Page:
Please don’t misunderstand. I don’t think that it’s necessary to be stern-faced and filled with vinegar in order to serve God properly, or to “preach” constantly at unbelieving friends. Nor are we ever justified in using a belligerent manner. We must be filled with the Spirit, be open to his leading and walk in God’s love as we proclaim his message. Of course it doesn’t hurt to smile while we’re at it. Nevertheless, we must stop stumbling over the silly shallowness of superficial cordiality. That kind of surface niceness makes us seem less than sincere.
Friendship is not a posture; it’s a position. Friendship is more than a smile and an affable greeting or exchange of pleasantries. It is a commitment to be someone—something—to another person. True friendship means more than being nice to one another in the occasional social encounter. It means standing with another in the midst of unpleasantness. It means doing the difficult thing when necessary.
I like tough friends—people who are not put off when I have to face adversity, even if that adversity has come upon me because of my own inadequacy or foolishness. My very best friends are those who will tell me when my attitudes or actions are wrong and then will stand by me anyway. That’s the way God is my friend. When I’m wrong, he doesn’t tell me that I’m right just for the sake of giving me confidence to go on. He tells me that I’m wrong. Then in many ways he proceeds to show his love and commitment to me.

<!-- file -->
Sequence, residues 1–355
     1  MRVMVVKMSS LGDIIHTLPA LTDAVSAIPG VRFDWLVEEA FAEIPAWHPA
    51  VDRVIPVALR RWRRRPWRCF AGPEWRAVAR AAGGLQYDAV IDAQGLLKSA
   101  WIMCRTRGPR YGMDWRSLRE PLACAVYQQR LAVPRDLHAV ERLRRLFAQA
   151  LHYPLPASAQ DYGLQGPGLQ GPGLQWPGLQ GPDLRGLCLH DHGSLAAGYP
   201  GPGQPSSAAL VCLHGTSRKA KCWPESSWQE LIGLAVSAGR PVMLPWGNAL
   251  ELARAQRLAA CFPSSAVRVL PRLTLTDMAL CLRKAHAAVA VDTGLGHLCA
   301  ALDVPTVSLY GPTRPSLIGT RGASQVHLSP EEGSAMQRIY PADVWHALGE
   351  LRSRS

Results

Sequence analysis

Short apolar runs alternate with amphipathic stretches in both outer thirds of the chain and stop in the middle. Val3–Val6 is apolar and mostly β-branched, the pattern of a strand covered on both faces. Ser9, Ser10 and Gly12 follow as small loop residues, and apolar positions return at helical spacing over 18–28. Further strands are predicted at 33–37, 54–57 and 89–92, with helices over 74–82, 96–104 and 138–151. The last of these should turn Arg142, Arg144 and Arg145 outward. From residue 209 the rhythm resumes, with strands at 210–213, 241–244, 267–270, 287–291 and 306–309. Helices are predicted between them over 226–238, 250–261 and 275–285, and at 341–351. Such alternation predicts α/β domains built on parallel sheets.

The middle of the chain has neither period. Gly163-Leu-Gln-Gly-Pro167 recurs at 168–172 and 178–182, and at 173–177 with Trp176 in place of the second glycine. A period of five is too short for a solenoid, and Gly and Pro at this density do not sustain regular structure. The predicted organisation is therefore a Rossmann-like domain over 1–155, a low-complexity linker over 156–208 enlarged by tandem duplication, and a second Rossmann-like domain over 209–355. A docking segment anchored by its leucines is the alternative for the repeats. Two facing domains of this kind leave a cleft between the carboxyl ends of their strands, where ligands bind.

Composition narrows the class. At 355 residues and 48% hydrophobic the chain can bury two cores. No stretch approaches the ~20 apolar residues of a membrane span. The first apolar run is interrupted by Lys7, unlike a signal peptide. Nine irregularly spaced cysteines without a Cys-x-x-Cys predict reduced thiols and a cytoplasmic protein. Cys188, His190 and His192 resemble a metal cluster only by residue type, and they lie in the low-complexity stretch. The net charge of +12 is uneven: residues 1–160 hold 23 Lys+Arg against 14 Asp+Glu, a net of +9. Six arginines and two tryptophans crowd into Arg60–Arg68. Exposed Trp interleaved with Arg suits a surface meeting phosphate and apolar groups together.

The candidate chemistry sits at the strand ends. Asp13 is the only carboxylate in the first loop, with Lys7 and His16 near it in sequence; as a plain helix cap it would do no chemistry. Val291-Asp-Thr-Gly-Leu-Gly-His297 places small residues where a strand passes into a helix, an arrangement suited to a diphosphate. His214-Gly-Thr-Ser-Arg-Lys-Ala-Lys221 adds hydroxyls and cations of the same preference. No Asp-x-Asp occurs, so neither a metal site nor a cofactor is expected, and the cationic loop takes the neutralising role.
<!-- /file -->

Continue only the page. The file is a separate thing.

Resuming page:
We make a big mistake when we put more effort into presenting a “nice” image to those outside the church rather than giving them the life-giving gospel. We also err in placing so much value on putting on a friendly face in church. Surface friendliness with no commitment is as bad as surface sincerity. Neither is appropriate to our obedience to the Lord’s command. According to John 15:1-5 and Galatians 5:22 and 23, our major efforts as God’s children ought not to be aimed at being nice but being fruitful. There is only one way to be fruitful, and that is to draw from the root into which we are grafted, the True Branch, the Fruitful Vine. In him we can bear good fruit, and that’s more important and more efficacious than merely trying to be nice.
So stop trying to be nice! Stop trying to be friendly! All your attempts to do it on your own will only produce a veneer of behavior. Don’t even try to be fruitful. That will not work either, any more than an apple tree can succeed in producing figs merely by trying.
All that we need to do is to rest securely in Christ, the Root and the Vine into which we have been grafted. Then the life juice of the Holy Spirit will flow through us, causing us to sprout, blossom and bear an abundance of fruit. We cannot be our own spiritual horticulturists. True fruitbearing is not a “do-it-yourself” activity. God is the grower. We are merely the vine branches; yet look at the fruit he will produce as we yield ourselves to him: love, joy, peace, long-suffering, gentleness, goodness, faith, meekness, self-control. And with that kind of fruit in our lives, we don’t need to try to be nice. We are nice.
So don’t try to be nice—be fruitful!